SOME YEARS AGO a self-made man, prosperous and religious, well known in his community and cited many times for his civic works, was convicted of sexually molesting little boys and sent to jail. I was appalled at the sentence, thinking that jail would do the man no good when what he really needed was psychiatric help. I set out to write a column but was dissaded from doing so by a colleague. No one wants to read a defense of perverts, he said.

Now I feel in somewhat the same situation. I am about to write a column in defense of federal workers and I know -- know as sure as God made little green apples -- that no one wants to read it. I am going to say that they are picked on, not appreciated, scape-goated and being treated unfairly by that nicest of all nice guys, Ronald Wilson Reagan.

I wonder sometime if Reagan believes what he intimates about the worth of federal workers or he simply knows a good thing when he sees one. They are, after all, wonderful scapegoats and politicians have been using them for years the same way comedians use mother-in-laws. But like mother-in-laws, they are funny or incompetent only in the abstract. Chances are the ones you know are good at what they do.

No matter. The federal worker is perceived to be some sort of lethargic slob who sits at his desk, cutting out paper dolls, passing paper, taking long coffee breaks, listening to the phone ring and counting the days until retirement -- at an imagined pay-and-a-half. He is compared always with the wonderfully efficient worker in the private sector who, afraid of being fired and determined to help his company turn a profit, comes in early, works late and never goes home with so much as a paper clip in his pocket.

It is for this reason that president after president has run on a platform of making the bureaucracy more efficient, which is to say more like private enterprise. Jimmy Carter was going to clean up the bureaucracy and so was Ronald Reagan. All they have both managed to do, though, is kill morale and the two of them have combined to hold down federal salaries, especially those in the highest grade. These people have not received a raise in 5 1/2 years and all that President Reagan has proposed for the federal work force in general is 4.8 percent. In an era of double-digit inflation, that means a net loss of income.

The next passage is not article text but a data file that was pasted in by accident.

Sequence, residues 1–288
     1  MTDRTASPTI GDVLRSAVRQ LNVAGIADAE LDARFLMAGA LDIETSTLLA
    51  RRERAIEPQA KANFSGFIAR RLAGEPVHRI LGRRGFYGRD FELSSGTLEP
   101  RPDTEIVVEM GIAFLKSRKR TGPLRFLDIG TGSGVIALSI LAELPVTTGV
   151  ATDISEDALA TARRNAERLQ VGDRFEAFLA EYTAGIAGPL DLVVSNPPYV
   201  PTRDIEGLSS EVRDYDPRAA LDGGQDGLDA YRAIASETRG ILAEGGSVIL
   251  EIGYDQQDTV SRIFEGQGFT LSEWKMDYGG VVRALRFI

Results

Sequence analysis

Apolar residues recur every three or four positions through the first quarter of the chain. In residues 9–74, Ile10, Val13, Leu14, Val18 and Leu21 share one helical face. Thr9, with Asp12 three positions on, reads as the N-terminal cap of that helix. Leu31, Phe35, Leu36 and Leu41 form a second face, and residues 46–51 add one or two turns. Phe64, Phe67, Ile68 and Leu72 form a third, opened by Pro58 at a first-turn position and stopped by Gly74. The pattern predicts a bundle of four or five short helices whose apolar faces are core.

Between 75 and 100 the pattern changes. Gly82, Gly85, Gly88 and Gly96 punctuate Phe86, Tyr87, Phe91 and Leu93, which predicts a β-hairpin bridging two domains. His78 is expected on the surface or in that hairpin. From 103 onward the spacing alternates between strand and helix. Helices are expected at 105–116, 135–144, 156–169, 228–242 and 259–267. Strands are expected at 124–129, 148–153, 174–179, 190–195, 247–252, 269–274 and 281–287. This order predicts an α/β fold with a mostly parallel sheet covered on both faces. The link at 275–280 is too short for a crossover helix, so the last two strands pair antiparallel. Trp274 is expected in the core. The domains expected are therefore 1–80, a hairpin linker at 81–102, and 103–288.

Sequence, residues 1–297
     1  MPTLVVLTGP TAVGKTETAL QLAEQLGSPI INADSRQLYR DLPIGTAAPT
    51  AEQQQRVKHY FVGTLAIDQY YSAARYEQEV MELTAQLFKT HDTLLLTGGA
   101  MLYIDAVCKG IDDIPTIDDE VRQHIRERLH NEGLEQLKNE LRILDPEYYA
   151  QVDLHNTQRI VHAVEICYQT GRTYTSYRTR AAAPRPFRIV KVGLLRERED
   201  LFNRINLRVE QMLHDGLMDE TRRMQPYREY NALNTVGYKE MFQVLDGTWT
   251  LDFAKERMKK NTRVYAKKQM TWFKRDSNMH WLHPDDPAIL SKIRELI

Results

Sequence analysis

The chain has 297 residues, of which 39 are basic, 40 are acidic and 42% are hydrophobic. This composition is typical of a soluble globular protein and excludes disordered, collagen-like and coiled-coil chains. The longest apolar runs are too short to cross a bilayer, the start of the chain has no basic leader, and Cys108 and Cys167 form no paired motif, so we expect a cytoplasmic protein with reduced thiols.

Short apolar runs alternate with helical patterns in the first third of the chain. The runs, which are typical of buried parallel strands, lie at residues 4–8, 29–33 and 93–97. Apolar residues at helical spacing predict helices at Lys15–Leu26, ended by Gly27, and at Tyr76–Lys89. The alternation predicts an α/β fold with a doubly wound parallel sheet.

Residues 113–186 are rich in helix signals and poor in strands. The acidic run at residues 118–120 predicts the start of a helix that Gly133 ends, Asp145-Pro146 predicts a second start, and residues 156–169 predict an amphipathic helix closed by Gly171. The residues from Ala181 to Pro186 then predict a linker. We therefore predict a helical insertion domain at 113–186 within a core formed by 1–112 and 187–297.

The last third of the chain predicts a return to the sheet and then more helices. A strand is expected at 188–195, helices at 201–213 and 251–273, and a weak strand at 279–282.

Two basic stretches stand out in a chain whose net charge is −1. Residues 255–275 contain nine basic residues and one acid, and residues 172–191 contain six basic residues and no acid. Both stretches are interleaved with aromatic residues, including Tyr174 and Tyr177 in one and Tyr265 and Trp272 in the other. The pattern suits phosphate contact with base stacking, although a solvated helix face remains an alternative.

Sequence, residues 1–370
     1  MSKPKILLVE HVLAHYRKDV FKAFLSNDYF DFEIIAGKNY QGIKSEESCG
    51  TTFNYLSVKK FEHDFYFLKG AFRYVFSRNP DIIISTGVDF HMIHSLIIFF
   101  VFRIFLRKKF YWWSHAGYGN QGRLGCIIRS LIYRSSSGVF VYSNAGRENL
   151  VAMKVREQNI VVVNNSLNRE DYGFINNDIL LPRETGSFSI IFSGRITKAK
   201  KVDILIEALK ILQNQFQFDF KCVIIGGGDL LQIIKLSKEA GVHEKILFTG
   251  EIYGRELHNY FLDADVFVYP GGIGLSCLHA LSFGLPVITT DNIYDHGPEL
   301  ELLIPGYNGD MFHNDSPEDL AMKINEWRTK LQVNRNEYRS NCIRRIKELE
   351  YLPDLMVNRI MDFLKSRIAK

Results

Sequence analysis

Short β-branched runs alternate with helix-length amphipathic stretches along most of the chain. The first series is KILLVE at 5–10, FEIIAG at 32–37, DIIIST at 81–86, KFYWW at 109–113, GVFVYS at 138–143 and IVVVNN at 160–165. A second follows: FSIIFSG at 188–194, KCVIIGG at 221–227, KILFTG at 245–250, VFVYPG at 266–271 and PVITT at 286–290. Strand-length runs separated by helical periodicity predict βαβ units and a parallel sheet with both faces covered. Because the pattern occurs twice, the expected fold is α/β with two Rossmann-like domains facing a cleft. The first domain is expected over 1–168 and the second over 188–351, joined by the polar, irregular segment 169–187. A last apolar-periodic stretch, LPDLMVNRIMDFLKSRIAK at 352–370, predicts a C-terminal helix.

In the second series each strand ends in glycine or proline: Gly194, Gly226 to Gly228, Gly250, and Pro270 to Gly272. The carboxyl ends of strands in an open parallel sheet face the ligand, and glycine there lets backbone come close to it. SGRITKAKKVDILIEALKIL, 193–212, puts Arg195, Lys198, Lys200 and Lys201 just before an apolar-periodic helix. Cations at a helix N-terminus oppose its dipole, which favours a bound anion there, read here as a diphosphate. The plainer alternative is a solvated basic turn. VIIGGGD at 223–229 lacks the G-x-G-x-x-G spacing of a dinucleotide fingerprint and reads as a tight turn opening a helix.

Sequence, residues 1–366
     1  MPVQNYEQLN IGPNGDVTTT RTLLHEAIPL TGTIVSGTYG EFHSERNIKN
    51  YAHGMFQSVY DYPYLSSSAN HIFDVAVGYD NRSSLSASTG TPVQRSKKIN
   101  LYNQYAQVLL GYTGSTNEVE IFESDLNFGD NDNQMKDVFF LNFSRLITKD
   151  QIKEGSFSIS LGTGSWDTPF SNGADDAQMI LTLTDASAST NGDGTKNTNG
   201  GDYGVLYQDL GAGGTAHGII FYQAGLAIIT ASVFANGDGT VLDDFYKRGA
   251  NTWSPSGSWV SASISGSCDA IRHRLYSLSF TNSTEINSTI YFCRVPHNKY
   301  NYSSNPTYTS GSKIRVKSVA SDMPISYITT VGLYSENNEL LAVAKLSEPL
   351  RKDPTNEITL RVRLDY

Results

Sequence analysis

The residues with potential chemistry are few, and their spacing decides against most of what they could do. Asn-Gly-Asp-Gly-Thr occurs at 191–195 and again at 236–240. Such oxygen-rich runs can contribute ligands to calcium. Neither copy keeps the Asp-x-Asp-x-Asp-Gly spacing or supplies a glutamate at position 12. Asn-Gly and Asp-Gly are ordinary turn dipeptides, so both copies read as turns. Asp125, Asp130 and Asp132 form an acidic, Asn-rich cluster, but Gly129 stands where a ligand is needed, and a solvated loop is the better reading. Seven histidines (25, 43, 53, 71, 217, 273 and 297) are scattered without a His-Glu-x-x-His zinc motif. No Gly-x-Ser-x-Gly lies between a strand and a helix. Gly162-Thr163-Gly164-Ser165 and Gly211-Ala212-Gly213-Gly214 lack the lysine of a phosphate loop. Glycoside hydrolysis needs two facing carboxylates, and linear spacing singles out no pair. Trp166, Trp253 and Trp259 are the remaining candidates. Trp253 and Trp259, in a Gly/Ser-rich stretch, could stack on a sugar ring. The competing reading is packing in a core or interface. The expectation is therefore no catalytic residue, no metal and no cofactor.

No one (certainly not I) would argue that there are no deadbeats in the federal system, or that the bureaucracy's attempt to protect the good as well as the bad worker hasn't tarnished the image of the entire work force. But to a degree, that is true also of private industry, especially where there are unions.

In fact, those of us who work and have worked in the private sector know that it is not all that it is cracked up to be. I worked places where overtime was considered an employe right, where the boss used the mailroom to send books to his daughter in college, where some employes took bribes, where no one would answer the phone before 9 or after 5, where files were routinely lost and where no one -- almost no one, anyway -- cared at all about the customers they were were being paid to serve.

This is true of large hunks of American industry. Just today, the information operator in Washington told me the New Republic magazine did not exist. (Maybe he reads The Nation magazine.) GM put the wrong engines in Oldsmobiles. In each case, the common problem probably was size. These corporations, like the federal government, experience problems having to do with the scale of their operations. They are too big to properly supervise employes. They are too big to have personal relationships with their workers and they are too big for their workers to feel a personal stake in the fortunes of the company.

These companies have much the same problems as the federal government, yet people don't blame the workers -- or don't only blame the workers. Instead, they recognize managerial and institutional problems. When it comes to the federal government, though, the problems become personalized and the bogey man that gets trotted out is always the federal worker. He and she are blamed for things over which they have no control. It's unfair. They deserve a decent raise, but if they don't get that, the least they could get is some respect.